There is still a tradition among Duluth bands that when someone does have a show in Minneapolis, they will drive home to Duluth after the gig. My eyes get hazy on the road in the middle of the night so I rarely performed that rite, but I like its romantic nature. There is also an aversion to haggling or even conversing about payment for playing music in that scene the like of which I have not found elsewhere. That’s the thing with Duluth and maybe any town its size, one can rarely make a living playing music there. But, I think I could argue that one can rarely make a living playing music in simply any one locality. It’s probably more attainable in a large city, but for most people, the open road is the only hope. That being the case, there is something about the absence of a lot of monetary motivation in a music scene that I find interesting and I learned about it in Duluth. I would like to state here clearly that I would prefer all artists be paid a living wage. That not being the case however, there is something interesting about a community in which art is created purely for the act of creating it. It doesn’t make paying the rent any easier, but it also avoids a lot of other complications which come from its alternative. It has been some years since I have been a daily participant in the Duluth music scene. I still pop in as much as I can and every time I do I can hear echoes of urgent and iron wrought music rolling down East Superior Street. Venues long closed still hold a perfectly smelly place in my heart and I say a prayer of thanks to the water for allowing me to be there at all. As is to be expected, the city has changed quite a bit in the last 20 years, but there is still a lively music and art community brought together by the simple desire to have their creations born within view of Lake Superior. And, I believe, there always will be.
The synth driven indie pop bands of Brooklyn have their romantic, grimy city. The trust-funded Americana rockers of Silver Lake in Los Angeles have their palm-treed Pacific and their mysterious desert. We music makers here in Minnesota have our freshwater rivers and lakes. And there’s no lakier lake than Lake Superior. It is the landscape that gets inside our beings and our creations. As civilized and technologically advanced as we have sadly become, we still cannot escape the effect that our natural surroundings have on us in all we do. We may beat Mother Nature back with a fiber optic whip and block her advances with iPhone-shaped shields, but she doesn’t need much space to get in. One window shaking clap of thunder on a humid Jul evening and we’re right back to cowering in our painted-wall cave. We’ve climate-controlled our way into thinking we are somehow separate from the Earth instead of just another living part of it. Art is a reflection. There may be a multi-sided mirror involved, but in my opinion, it’s impossible to separate art from the environment in which it’s created. And I think that is very beautiful. Local accents are a national treasure and should be celebrated. Lake Superior has been one of the most important influences on my musical and creative life. I now bring my kids to her shore and watch their complete awe with a very proud heart. I can’t wait to see what the Big Lake inspires them to create.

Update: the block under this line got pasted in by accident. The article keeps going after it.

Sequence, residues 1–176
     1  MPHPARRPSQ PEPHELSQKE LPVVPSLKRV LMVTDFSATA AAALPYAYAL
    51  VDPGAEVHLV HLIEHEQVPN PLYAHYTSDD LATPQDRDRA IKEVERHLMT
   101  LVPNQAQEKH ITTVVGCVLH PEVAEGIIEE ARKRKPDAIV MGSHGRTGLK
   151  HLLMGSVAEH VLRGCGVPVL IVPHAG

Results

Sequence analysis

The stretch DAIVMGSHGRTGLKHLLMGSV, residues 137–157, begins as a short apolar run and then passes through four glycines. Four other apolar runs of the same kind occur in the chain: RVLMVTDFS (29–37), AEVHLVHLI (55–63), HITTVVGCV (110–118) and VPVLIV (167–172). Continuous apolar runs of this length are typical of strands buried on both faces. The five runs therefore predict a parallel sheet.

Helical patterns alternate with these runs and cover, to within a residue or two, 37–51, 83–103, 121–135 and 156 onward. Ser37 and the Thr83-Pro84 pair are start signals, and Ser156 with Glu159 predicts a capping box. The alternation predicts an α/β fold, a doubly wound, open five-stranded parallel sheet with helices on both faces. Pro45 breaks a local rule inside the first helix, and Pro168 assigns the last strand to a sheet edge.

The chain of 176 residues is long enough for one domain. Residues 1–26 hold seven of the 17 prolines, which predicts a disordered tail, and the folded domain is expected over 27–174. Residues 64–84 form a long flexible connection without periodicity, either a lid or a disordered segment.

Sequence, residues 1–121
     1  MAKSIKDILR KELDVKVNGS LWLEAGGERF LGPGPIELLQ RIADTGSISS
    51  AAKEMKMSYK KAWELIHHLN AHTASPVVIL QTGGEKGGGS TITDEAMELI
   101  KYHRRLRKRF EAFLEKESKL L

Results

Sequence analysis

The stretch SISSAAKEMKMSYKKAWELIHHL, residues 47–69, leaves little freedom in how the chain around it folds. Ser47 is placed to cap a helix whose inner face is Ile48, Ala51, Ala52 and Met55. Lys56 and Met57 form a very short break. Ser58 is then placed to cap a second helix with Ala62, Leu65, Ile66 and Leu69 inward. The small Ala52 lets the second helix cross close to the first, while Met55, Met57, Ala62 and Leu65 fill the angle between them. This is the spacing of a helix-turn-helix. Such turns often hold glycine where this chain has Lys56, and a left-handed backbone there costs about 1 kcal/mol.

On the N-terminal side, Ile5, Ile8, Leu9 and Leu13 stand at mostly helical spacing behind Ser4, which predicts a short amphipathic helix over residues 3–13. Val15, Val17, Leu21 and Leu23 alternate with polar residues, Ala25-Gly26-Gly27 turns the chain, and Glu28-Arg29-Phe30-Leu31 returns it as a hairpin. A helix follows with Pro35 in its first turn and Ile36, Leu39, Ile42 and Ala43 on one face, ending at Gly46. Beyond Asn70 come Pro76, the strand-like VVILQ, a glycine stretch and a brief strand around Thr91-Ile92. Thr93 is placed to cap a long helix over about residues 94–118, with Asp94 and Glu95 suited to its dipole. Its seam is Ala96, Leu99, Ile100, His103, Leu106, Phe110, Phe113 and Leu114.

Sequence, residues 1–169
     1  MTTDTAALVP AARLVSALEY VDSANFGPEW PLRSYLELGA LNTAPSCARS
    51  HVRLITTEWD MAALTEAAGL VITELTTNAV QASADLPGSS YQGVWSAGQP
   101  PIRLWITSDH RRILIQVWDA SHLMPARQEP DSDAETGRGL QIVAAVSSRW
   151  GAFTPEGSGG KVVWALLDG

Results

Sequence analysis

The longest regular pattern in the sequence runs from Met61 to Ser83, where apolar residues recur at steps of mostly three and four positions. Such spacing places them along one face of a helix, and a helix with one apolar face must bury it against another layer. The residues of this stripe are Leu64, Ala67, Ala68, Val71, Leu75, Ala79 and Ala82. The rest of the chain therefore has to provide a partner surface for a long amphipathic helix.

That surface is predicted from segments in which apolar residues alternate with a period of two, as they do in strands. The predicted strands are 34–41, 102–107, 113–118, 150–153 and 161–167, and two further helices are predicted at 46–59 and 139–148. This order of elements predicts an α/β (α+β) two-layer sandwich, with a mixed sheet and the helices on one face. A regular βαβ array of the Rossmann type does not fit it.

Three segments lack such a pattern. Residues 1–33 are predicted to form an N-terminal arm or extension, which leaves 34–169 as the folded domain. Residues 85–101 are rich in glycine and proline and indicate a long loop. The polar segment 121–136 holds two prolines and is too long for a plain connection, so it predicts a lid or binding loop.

Duluth image: Reece Hickman